As reported in the Irish Times online on March 4th 2015 (see http://www.irishtimes.com/)
“Derelict properties worth a combined total of €15 million have been identified at 46 locations in Dublin city.
The council is investigating 630 sites in the city which could warrant inclusion on the Derelict Sites Register set up under legislation in 1990 to stop property owners from neglecting their buildings and sites.
Of those, only 46 sites have so far been put on the register, which allows the council to take action against property owners including the imposition of an annual levy of 3 per cent of the market value of the site, and compulsory purchase of the site.
Sites remain on the register “for quite some time despite the imposition of a levy and interest”, the council said. “This situation is exacerbated in the current climate where owners lack the necessary finances, are bankrupt or companies are in liquidation.”
The number of “stakeholders” who find themselves potentially affected by the application of the 1990 Derelict Sites Act has expanded beyond developers and property owners to financial institutions, Nama, receivers and liquidators, the council said.
“This is a complicating factor because ascertaining the ownership of these sites and structures is far from straightforward.”
Chairman of the council’s planning committee, Labour councillor Andrew Montague, asked would the council consider using the compulsory purchase process for the 46 sites. “In the greater scheme of things €15 million to buy these derelict sites is quite a small amount of money,” he said.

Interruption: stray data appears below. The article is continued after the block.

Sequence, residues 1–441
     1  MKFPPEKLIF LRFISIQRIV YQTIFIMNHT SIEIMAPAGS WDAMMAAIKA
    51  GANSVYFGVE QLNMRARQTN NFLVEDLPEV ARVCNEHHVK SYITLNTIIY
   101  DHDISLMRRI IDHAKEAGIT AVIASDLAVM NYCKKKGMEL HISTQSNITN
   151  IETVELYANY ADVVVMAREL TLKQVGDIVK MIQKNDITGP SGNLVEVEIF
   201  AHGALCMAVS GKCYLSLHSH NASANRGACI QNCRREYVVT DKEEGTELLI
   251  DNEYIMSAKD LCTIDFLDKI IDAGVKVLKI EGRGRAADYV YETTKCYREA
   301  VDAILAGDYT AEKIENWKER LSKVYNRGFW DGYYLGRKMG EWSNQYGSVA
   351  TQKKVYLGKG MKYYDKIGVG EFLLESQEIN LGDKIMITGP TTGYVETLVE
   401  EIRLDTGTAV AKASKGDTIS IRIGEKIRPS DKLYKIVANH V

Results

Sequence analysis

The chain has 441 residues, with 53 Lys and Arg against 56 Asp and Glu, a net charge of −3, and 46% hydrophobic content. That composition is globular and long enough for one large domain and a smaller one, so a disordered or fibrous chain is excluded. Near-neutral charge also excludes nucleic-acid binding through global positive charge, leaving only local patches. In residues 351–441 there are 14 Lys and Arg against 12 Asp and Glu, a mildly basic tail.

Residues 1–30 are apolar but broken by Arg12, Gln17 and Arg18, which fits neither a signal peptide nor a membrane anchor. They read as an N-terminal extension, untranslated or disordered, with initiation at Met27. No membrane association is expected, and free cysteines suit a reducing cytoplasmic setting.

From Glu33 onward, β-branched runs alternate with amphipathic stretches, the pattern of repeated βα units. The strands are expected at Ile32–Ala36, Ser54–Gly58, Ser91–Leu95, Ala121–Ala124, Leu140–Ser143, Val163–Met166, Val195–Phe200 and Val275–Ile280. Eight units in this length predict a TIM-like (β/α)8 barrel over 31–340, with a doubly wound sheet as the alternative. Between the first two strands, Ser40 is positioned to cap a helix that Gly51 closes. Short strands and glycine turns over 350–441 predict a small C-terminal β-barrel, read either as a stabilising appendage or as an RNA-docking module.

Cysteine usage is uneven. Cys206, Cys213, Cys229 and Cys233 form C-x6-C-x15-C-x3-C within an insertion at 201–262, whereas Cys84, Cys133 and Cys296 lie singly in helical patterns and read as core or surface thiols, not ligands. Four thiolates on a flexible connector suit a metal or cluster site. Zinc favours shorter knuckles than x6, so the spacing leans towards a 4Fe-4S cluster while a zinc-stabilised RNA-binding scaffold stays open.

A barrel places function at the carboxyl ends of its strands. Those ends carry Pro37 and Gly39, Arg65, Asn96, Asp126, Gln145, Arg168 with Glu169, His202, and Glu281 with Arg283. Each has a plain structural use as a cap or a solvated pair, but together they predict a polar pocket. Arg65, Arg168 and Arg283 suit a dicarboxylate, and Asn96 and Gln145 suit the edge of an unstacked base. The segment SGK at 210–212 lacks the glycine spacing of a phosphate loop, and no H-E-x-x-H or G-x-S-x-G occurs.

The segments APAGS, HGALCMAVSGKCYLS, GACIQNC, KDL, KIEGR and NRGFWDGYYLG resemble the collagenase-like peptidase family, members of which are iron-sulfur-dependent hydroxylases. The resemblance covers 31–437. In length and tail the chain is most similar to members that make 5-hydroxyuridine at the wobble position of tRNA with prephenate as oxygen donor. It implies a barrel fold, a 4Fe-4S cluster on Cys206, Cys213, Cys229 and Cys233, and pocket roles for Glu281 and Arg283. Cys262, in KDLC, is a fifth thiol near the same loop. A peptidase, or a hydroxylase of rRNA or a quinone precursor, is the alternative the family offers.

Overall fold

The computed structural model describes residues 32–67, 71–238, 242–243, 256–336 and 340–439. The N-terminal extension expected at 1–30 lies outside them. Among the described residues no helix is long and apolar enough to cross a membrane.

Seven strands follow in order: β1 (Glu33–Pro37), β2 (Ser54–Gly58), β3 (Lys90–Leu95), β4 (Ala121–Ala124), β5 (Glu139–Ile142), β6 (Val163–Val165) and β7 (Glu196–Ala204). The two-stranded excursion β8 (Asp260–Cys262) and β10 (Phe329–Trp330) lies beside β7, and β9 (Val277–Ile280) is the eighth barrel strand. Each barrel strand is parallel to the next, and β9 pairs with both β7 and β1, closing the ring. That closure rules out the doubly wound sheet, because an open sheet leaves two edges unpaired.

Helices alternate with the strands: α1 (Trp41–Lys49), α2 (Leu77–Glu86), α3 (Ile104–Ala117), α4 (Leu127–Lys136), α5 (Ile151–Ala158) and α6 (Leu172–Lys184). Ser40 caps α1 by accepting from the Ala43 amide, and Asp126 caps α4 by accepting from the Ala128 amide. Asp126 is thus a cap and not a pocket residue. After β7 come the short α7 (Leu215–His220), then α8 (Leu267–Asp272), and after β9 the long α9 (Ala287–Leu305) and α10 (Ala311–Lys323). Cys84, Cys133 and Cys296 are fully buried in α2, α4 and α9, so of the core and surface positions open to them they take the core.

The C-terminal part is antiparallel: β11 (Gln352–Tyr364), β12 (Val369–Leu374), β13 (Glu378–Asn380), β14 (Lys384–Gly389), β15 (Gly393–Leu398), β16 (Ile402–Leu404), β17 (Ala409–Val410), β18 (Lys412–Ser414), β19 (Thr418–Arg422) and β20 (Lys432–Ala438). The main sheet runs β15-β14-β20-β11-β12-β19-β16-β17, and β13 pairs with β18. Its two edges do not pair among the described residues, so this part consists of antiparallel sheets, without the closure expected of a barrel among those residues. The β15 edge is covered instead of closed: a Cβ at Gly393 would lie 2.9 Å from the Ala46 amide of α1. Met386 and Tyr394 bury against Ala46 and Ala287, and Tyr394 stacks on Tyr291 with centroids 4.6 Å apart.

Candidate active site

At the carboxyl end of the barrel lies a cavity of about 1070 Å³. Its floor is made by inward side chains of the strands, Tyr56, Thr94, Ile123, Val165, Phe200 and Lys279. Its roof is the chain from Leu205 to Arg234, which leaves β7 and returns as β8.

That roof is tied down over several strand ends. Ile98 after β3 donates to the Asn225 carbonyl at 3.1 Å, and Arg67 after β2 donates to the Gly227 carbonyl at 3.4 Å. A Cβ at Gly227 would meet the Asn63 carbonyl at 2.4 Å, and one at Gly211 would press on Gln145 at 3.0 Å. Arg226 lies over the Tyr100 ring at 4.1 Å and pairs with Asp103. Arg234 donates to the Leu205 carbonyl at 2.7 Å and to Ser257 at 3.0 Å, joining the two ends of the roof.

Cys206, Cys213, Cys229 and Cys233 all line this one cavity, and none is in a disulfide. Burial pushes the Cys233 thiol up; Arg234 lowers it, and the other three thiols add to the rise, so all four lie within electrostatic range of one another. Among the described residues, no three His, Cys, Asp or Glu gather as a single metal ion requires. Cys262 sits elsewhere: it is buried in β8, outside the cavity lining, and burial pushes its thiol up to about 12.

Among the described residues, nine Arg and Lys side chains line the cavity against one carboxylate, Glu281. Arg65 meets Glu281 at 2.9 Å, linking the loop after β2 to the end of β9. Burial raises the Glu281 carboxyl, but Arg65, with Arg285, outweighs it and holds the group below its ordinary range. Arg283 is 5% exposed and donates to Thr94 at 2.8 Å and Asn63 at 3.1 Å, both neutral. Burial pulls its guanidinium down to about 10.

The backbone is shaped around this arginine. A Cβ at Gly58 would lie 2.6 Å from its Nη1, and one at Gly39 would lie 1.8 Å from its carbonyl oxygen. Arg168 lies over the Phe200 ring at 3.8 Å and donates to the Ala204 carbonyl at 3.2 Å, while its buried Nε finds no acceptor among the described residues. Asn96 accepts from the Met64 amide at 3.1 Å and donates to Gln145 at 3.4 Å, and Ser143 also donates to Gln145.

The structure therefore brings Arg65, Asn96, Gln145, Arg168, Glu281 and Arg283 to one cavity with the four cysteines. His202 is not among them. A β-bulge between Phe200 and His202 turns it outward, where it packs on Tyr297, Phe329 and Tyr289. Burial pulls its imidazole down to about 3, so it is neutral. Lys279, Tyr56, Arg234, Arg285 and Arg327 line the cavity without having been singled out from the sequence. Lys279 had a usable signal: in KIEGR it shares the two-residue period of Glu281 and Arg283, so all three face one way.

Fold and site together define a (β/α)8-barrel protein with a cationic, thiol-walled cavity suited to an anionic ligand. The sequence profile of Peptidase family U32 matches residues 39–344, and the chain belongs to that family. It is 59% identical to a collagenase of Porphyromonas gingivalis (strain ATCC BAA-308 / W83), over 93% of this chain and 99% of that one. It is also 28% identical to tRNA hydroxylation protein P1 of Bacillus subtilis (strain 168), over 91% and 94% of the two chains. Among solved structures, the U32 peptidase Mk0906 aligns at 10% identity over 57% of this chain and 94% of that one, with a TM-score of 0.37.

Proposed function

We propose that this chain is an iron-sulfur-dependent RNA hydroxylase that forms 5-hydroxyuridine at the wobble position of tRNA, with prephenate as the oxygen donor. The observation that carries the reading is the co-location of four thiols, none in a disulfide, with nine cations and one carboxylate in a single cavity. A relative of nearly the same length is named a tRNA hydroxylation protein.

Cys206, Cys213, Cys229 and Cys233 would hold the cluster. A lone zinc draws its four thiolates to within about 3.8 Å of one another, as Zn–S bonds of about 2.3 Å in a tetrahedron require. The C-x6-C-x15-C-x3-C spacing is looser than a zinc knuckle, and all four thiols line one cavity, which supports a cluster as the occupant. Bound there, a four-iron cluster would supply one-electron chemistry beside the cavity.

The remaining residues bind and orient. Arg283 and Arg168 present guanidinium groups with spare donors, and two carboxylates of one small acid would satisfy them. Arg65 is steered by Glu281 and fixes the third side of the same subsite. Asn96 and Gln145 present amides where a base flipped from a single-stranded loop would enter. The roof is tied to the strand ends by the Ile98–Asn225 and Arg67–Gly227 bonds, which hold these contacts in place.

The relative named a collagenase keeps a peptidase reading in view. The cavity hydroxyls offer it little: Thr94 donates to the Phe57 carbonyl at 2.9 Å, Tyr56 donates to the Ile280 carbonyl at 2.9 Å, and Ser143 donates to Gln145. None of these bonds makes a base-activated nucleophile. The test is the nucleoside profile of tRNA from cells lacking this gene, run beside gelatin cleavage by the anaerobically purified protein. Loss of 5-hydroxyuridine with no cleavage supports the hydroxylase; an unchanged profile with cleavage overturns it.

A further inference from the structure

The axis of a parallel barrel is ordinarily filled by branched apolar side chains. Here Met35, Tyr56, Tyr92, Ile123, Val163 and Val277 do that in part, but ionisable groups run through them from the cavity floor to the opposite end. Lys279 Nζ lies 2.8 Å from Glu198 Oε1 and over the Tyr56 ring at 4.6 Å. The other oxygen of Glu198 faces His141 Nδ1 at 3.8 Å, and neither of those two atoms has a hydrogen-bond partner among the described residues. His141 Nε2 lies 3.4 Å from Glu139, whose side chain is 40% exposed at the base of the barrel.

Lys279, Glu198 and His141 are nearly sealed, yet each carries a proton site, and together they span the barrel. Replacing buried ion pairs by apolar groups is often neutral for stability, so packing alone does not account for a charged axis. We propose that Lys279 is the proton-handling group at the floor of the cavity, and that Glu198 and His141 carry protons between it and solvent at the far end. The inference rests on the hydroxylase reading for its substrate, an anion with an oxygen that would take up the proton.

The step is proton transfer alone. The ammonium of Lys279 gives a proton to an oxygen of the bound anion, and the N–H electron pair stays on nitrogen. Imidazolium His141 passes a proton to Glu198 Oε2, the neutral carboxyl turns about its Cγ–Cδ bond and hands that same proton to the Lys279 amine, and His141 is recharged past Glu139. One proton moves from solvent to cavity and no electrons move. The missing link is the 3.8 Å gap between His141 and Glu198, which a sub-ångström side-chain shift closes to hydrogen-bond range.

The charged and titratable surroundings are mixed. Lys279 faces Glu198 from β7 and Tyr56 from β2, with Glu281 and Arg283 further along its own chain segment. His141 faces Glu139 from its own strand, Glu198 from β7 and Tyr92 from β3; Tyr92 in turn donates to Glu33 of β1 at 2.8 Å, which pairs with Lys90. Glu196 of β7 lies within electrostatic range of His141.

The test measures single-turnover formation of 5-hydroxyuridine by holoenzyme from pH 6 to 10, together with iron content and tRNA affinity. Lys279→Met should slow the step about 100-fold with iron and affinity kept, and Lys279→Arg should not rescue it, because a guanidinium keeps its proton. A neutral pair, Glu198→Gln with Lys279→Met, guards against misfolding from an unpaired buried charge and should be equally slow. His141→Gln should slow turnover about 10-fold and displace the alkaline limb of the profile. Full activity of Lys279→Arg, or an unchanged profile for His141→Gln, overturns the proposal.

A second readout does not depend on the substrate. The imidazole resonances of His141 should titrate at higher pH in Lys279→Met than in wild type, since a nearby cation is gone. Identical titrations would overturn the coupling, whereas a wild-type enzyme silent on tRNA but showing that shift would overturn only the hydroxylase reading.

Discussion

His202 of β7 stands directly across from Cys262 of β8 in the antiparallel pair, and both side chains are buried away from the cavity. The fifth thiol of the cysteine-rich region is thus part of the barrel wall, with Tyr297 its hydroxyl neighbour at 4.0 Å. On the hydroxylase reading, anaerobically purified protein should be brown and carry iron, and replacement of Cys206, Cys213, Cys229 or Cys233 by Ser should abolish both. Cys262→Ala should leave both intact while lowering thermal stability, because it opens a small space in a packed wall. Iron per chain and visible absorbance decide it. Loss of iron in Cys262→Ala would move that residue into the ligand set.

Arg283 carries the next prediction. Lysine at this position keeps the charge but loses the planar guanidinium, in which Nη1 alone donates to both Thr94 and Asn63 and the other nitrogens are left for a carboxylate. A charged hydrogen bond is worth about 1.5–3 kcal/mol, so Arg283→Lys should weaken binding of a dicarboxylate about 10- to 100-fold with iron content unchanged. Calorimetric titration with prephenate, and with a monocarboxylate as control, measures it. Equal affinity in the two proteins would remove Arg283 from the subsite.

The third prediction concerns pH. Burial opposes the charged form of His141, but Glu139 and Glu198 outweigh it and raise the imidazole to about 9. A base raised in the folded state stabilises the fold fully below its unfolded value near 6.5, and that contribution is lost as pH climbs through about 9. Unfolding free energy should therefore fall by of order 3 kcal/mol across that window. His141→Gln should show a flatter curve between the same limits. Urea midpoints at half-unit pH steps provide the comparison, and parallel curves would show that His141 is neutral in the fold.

Assistant council chief executive Jim Keogan said compulsory purchase was a protracted and costly process. It is a “very draconian measure, so it’s only used as a last resort”.
Separately, the council has completed an 18-month audit to determine what land should be subject to the new vacant sites levy which will be introduced under the Planning Bill. The Bill is due to be enacted in the coming months.
While the owners of derelict buildings are subject to the derelict sites levy, there has to date been no sanction on the owners of vacant land.
The audit has identified more than 61 hectares of vacant or underused land, spread over 282 sites in the city centre that could be developed for homes or commercial buildings. Fully vacant land accounted for most of the sites – 151 sites or 33 hectares, which comprises 54 per cent of all vacant sites in the city.
There were 91 vacant sites with structures on part of them, occupying 27 hectares or 44 per cent of vacant land. Dilapidated buildings accounted for just 40 sites identified and occupy only 1.7 hectares or 3 per cent of vacant land.
These lands, if already subject to the derelict sites levy would be unlikely to be subject to the new vacant sites levy.
The council and the State, as well as semi-State companies, will be exempt from the vacant sites levy.
About eight hectares of vacant land, largely in flat complexes which were to have been regenerated through schemes that failed when the property market collapsed, are owned by the council.”